ABBA is back with a new album after a 40 year hiatus, and what better way to celebrate than being the sophomore offering in the Let’s Sing Presents series of Let’s Sing games. While I’m not the best singer, I certainly love belting out songs to the judgement of a video game and my friends around. Plus, one of the strangest experiences I’ve ever had as a game reviewer was singing Crazy Town’s “Butterfly”in my office in the middle of the night to beat a deadline. When I got the chance to review Let’s Sing ABBA, I jumped at the opportunity. Why? Because I fucking love Abba, and I have no shame. I sang Dancing Queen at least a half dozen times to bring you this review.
Let’s Sing ABBA is a rhythm and singing game that features a collection of ABBA’s greatest (and more) spanning ABBA’s discography. If you’re familiar with the Let’s Sing formula, Let’s Sing ABBA doesn’t change a single thing—but it gives you the chance to match vocals with the Swedish supergroup with 31 songs and seven game modes. ABBA is back, and it’s waiting to be sung at the top of your lungs in front of your shocked (horrified?) friends. I may or may not be speaking from personal experience.
The game modes in Let’s Sing ABBA follows the previous Let’s Sing games. There’s the Classic mode, which I play most frequently, and features the base karaoke style gameplay that Let’s Sing is known for: you have to sing to the music, getting scored for pitch and timing. There is also duet, legend, party, and mixtape modes, among others. You can also challenge yourself to climb the world leaderboard rankings or just sit and listen to all 31 ABBA songs with the jukebox.
Since I don’t have a mic I can hook up to my Xbox, I used the Let’s Sing app for my Android phone. It’s a decent substitute for a mic in that it lets you play the game. As for its quality as an audio input device, it’s a bit lacking. While I’m not a great singer, I can usually match pitch, even if I have to go an octave lower to get into a comfortable range. But I was always fighting what pitch I wanted to naturally sing at and the one the game wanted to sing at.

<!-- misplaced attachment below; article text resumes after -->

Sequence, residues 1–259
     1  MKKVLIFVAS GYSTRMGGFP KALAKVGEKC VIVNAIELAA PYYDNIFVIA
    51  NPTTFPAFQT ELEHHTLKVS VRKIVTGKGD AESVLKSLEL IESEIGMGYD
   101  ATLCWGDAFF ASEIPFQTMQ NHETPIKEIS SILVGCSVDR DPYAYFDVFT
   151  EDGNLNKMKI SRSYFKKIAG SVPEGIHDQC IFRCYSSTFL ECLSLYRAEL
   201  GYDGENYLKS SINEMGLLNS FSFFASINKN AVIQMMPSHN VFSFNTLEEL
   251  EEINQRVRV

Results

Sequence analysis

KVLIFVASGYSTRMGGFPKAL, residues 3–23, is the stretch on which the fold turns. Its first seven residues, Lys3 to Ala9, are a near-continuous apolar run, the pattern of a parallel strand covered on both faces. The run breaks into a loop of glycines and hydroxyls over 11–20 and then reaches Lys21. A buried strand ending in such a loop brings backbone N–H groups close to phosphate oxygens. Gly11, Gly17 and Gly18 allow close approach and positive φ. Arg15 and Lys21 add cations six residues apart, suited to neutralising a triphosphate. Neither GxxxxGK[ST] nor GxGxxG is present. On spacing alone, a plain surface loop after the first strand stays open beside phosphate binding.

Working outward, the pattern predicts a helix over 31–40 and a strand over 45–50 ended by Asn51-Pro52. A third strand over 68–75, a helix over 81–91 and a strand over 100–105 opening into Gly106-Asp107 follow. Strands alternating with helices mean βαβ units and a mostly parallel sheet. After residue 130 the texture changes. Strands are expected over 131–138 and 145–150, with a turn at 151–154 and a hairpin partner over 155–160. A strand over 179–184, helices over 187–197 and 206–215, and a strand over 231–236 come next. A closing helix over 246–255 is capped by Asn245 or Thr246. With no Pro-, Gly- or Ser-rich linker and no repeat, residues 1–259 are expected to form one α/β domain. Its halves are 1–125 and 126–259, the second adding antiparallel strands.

While not changing the Let’s Sing formula at all, ABBA does bring a buffet of ABBA songs. There are the classics like “Waterloo,” “Take a Chance on Me,” “Dancing Queen,” “Mamma Mia,” and a bunch more. There are a few (relatively) deep cuts on here. There’s even a song from their new album: “I Still Have Faith in You,” which is a pretty good throwback.
Let’s Sing ABBA delivers the Let’s Sing formula with an ABBA playlist, and it turns out that’s all I really wanted. I’m not the biggest fan of the Let’s Sing style of singing rhythm game and the accompanying app, but it’s still fun to play casually with friends. Despite its flaws, I’ll be busting out Let’s Sing ABBA at any parties for the foreseeable future.
An Xbox key was provided to us for the purposes of this review.